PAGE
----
Resistance in repressive contexts : a comprehensive test of psychological predictors
MetadataShow full item record
Altmetrics Handle Statistics
Altmetrics DOI Statistics
Empirical research on the social psychological antecedents of collective action has been conducted almost exclusively in democratic societies, where activism is relatively safe. The present research examines the psychological predictors of collective action intentions in contexts where resistance is met with significant repression by the authorities. Combining recent advancements in the collective action literature, our model examines the unique predictive roles of emotion (anger and fear), political identity consolidation and participative efficacies, politicized identification, and moral obligation, over and above past participation. It further investigates how these variables are shaped by perceptions of risks attributable to repression. Four survey studies test this model among protesters in Russia (N = 305), Ukraine (N = 136), Hong Kong (N = 115), and Turkey (N = 296). Meta-analytic integration of the findings highlights that, unlike in most current accounts of collective action, protesters in these contexts are not primarily driven by political efficacy. Rather, their involvement is contingent upon beliefs in the ability of protest to build a movement (identity consolidation and participative efficacies) and motivated by outrage at state repression, identification with the social movement, and a sense of moral obligation to act on their behalf. Results also confirm that risks attributable to state repression spur rather than quell resistance by increasing outrage, politicized identification, identity consolidation and participative efficacies, and moral obligation. The implications of these findings for models of collective action and our understanding of the motives underlying engagement in repressive contexts are discussed.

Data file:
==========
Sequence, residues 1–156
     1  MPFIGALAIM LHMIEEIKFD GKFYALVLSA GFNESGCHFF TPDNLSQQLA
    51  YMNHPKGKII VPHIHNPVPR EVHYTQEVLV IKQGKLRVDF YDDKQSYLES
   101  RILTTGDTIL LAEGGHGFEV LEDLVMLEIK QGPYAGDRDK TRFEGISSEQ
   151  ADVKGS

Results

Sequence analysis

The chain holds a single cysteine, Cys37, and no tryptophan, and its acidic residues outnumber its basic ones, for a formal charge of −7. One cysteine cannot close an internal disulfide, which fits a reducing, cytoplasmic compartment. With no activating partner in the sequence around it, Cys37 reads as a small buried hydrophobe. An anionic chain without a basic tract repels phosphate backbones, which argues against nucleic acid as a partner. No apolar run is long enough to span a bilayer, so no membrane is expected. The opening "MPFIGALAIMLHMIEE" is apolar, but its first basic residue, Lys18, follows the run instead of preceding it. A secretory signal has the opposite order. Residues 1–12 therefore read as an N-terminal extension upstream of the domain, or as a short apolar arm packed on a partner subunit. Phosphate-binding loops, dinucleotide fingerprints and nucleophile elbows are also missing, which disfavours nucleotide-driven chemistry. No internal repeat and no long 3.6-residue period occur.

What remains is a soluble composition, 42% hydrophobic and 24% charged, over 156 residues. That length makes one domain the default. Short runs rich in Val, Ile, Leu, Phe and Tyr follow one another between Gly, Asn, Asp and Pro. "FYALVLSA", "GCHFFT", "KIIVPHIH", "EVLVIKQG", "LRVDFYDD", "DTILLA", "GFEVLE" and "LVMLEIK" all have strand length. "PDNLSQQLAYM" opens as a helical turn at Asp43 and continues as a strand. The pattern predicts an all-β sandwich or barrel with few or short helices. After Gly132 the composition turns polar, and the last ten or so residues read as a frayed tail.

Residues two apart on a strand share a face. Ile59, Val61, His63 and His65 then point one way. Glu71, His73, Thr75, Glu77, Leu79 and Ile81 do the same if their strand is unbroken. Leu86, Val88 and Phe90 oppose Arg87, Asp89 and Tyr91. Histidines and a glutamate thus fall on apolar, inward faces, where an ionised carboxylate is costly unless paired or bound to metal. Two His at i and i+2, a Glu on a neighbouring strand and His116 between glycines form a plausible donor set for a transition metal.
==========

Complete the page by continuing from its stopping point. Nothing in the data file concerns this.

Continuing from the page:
Ayanian , A , Tausch , N , Acar , Y G , Chayinska , M , Cheung , W-Y & Lukyanova , Y 2020 , ' Resistance in repressive contexts : a comprehensive test of psychological predictors ' , Journal of Personality and Social Psychology , vol. Online First , pp. 1-28 . https://doi.org/10.1037/pspi0000285
Journal of Personality and Social Psychology
Copyright © 2020 American Psychological Association. This work has been made available online in accordance with publisher policies or with permission. Permission for further reuse of this content should be sought from the publisher or the rights holder. This is the author created accepted manuscript following peer review and may differ slightly from the final published version. The final published version of this work is available at https://doi.org/10.1037/pspi0000285
Items in the St Andrews Research Repository are protected by copyright, with all rights reserved, unless otherwise indicated.